Public health officials have declared that imported broccoli was behind an outbreak from the Cyclospora parasite, but have closed their investigation without determining exactly where the produce came from.
The Food and Drug Administration announced that the outbreak has been determined to be over. The FDA reported that the U.S. Centers for Disease Control and Prevention, along with state and local officials, all concur that the outbreak has ended.
Twenty patients were confirmed as having been infected by the microscopic parasite Cyclospora, but their home states and ages have not been reported.
The outbreak was first reported by the FDA on May 24. The CDC has not posted any information about the outbreak.
During interviews with public health investigators, infected people reported eating broccoli before becoming sick.
“FDA and state and local partners conducted traceback investigations and determined that the product of interest was imported broccoli,” according to the agency’s outbreak update on June 21.
Broccoli was not named during the outbreak investigation as a cause of illnesses and no recall was initiated.
The FDA reported that it was unable to determine exactly where the broccoli came from or who produced it. The agency did not report what producers’ or importers’ broccoli was traced, but did say that none of the samples collected came back positive for the outbreak strain of Cyclospora cayetanensis.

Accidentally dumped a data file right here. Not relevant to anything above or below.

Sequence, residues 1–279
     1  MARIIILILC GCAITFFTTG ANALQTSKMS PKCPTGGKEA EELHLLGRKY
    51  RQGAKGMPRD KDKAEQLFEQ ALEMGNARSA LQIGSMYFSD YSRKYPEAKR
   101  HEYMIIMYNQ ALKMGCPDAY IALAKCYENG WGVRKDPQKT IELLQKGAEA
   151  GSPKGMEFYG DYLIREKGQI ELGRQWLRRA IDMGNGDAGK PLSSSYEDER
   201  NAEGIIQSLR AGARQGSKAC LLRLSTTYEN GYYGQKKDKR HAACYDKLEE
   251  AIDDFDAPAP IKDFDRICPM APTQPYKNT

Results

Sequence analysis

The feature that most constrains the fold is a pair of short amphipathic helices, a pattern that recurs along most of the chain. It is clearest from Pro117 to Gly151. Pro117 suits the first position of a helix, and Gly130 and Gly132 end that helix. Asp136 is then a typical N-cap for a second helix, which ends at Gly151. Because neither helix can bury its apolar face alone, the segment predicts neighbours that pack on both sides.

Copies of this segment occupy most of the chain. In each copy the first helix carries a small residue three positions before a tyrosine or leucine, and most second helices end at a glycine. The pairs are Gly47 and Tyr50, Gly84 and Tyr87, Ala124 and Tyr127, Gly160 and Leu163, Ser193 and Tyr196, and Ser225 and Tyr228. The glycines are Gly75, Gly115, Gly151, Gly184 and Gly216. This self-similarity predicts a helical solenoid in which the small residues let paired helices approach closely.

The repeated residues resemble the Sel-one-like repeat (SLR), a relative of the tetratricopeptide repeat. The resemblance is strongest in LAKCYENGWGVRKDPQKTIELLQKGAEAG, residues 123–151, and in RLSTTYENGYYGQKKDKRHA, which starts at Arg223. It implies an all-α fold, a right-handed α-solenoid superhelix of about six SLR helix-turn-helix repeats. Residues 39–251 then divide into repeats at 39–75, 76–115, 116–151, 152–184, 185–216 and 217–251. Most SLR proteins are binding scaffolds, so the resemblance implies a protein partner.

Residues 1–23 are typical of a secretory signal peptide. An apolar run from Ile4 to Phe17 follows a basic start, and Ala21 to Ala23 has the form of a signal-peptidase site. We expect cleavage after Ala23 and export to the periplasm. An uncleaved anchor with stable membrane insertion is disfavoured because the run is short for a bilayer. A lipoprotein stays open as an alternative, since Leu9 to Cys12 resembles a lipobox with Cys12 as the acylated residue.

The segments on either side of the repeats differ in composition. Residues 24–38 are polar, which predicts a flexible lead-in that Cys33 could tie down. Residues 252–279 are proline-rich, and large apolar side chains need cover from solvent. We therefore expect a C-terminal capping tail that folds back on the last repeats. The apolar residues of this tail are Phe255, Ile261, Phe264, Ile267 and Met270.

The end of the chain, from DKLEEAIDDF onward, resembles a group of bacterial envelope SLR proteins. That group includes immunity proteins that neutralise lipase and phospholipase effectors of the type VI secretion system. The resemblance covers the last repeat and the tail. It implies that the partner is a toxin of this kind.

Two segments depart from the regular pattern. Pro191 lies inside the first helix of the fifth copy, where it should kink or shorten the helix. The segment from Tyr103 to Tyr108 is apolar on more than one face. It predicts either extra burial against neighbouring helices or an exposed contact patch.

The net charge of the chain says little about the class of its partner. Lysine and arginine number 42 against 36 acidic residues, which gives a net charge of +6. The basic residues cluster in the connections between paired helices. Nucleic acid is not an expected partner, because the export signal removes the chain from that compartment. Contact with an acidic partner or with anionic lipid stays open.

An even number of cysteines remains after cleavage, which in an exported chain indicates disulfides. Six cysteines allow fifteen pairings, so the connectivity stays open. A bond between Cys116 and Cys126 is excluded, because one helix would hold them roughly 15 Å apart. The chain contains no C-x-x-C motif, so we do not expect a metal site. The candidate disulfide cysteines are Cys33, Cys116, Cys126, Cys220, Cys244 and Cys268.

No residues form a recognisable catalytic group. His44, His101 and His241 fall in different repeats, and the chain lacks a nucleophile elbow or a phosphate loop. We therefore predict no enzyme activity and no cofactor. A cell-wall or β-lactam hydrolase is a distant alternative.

Although the investigation has been closed and the outbreak determined to be over, additional patients could be identified because of the nature of Cyclospora infection. People who are infected can have long-lasting symptoms. They can also appear to have recovered but still have the infection with recurring symptoms.
Specific testing is required to diagnose Cyclospora infections because illnesses caused by the parasite can mimic other illnesses. Antibiotics are required to kill the parasite.
Anyone who has developed symptoms of Cyclospora infection, and has reason to believe they have been exposed to the parasite, should seek medical attention.
Cyclospora infection can cause severe abdominal pain, watery diarrhea, nausea, vomiting, body aches, and fatigue. Symptoms can develop between two and 14 days after exposure. Though symptoms can be severe enough to send people to the hospital, it’s rare for people to die from Cyclospora infections.
Cyclospora is a type of protozoa, which is a tiny, single-celled organism. It is transmitted when people somehow ingest microscopic amounts of contaminated feces, typically through contaminated food or water. It can be spread only through human waste, unlike E. coli and salmonella, which can also be spread from animal fecal matter.
In the U.S., imported produce is a common source of cyclospora. Food safety experts say there’s no evidence that washing produce will remove the parasite.
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